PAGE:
A U.S. council of regulators looking at whether asset managers pose a potential threat to the financial system said Wednesday that money-market funds can be vulnerable to runs during periods of volatility.
The funds and other firms that lend securities “are vulnerable to same-day calls for liquidity, creating strong pressure to sell assets quickly,” the Financial Stability Oversight Council (FSOC) said in its annual report. Money-market funds “can experience runs when perceived by shareholders to have worrisome risk exposures.”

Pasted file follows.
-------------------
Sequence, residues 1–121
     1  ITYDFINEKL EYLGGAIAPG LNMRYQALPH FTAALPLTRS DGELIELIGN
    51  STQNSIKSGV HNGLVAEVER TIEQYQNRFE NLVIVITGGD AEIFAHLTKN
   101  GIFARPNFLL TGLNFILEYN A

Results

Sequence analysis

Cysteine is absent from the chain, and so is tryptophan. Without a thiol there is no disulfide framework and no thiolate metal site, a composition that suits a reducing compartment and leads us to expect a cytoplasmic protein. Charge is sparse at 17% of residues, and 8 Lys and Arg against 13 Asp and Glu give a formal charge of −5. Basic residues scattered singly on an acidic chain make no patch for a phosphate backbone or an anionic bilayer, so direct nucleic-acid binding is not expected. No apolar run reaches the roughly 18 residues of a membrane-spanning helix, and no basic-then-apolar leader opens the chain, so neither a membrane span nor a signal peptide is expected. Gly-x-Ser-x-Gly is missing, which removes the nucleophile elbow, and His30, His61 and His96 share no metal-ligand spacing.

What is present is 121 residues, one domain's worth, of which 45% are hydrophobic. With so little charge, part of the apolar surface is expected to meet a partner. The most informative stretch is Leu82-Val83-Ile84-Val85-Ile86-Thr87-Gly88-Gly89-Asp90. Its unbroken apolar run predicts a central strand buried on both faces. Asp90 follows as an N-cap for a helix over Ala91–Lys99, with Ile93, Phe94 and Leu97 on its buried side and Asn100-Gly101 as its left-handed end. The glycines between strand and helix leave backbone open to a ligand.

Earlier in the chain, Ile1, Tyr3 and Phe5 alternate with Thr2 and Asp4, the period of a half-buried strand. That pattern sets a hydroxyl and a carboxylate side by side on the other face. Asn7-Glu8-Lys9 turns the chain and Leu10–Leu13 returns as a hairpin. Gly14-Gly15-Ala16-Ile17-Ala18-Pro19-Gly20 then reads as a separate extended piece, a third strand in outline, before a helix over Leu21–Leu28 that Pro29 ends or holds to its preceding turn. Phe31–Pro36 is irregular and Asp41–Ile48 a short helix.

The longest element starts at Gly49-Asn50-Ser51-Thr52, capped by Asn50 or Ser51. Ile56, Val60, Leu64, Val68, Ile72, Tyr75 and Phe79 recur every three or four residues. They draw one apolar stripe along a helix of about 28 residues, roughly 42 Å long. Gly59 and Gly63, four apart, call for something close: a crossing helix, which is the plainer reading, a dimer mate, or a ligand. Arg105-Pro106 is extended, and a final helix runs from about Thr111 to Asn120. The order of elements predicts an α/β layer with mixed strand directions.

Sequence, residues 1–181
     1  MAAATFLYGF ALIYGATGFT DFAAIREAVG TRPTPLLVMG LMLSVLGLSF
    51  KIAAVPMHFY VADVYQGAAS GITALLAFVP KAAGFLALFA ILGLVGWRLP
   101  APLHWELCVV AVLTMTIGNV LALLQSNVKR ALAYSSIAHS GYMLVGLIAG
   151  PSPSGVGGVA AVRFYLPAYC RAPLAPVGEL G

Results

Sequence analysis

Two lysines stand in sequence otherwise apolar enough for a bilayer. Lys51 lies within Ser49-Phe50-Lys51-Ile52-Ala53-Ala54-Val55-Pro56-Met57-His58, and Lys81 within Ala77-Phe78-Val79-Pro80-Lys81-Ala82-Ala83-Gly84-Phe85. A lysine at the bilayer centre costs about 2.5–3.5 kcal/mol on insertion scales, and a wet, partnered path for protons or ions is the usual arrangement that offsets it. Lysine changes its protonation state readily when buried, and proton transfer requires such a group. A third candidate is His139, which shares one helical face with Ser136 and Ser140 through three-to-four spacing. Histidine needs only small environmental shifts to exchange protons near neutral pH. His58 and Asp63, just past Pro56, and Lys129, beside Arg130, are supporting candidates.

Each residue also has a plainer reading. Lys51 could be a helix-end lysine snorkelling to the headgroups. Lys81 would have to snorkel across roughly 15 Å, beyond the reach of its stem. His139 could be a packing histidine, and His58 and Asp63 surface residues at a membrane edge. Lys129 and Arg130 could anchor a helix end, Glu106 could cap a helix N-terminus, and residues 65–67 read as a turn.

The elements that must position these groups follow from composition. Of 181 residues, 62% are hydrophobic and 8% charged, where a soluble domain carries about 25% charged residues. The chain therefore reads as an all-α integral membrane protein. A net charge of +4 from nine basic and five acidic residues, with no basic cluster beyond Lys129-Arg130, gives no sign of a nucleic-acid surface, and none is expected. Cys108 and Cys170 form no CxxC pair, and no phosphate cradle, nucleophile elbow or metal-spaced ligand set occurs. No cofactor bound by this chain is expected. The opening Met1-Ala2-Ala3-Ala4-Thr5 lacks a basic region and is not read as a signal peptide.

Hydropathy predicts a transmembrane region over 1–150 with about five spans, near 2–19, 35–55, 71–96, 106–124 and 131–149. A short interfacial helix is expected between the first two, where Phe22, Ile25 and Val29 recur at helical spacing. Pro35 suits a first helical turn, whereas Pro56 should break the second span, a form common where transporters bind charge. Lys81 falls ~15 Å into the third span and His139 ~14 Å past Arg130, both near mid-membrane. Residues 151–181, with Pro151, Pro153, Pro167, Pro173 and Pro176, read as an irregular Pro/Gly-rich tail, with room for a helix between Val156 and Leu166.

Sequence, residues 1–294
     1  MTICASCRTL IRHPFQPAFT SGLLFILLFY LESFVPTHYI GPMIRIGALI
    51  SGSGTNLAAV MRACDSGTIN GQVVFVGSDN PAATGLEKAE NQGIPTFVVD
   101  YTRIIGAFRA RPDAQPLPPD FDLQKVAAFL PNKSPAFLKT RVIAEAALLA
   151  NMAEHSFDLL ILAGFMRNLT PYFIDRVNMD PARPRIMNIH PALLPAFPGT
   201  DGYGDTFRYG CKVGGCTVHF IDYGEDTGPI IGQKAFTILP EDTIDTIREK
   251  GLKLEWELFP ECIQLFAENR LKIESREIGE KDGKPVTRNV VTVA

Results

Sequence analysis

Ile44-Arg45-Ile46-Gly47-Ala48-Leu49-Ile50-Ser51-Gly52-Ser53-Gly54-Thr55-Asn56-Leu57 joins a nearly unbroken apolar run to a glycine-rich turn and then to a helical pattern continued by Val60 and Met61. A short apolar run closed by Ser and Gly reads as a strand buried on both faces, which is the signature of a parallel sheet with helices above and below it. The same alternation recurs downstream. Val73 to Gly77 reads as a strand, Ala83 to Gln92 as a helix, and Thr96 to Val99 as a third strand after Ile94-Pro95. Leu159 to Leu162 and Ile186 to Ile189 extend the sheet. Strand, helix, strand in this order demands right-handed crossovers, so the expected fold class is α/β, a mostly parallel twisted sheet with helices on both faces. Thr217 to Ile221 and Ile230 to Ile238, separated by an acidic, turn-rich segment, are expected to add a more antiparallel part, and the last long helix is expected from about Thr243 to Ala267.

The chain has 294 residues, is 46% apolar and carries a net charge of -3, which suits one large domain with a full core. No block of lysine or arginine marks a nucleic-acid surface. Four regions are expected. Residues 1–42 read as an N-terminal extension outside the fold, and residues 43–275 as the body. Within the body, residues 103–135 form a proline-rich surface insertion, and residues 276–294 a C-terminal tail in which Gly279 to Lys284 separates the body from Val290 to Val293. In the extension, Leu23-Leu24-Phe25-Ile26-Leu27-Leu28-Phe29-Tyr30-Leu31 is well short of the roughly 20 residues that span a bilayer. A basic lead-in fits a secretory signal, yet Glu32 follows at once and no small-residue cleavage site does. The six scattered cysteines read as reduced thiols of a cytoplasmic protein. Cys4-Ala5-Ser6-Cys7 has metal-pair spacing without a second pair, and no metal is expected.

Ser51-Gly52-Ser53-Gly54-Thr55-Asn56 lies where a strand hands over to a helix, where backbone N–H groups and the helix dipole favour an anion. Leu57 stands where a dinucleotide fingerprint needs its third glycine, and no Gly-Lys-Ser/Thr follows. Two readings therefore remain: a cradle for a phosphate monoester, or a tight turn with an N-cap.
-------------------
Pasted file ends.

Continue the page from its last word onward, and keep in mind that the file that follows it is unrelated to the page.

The FSOC has been studying whether the largest asset managers, such as BlackRock and Fidelity Investments, need Federal Reserve supervision.
Regulators have been calling for additional restrictions on money-market funds since the September 2008 collapse of the $63 billion Reserve Primary Fund.
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Its closure triggered a run on money funds that helped freeze global credit markets.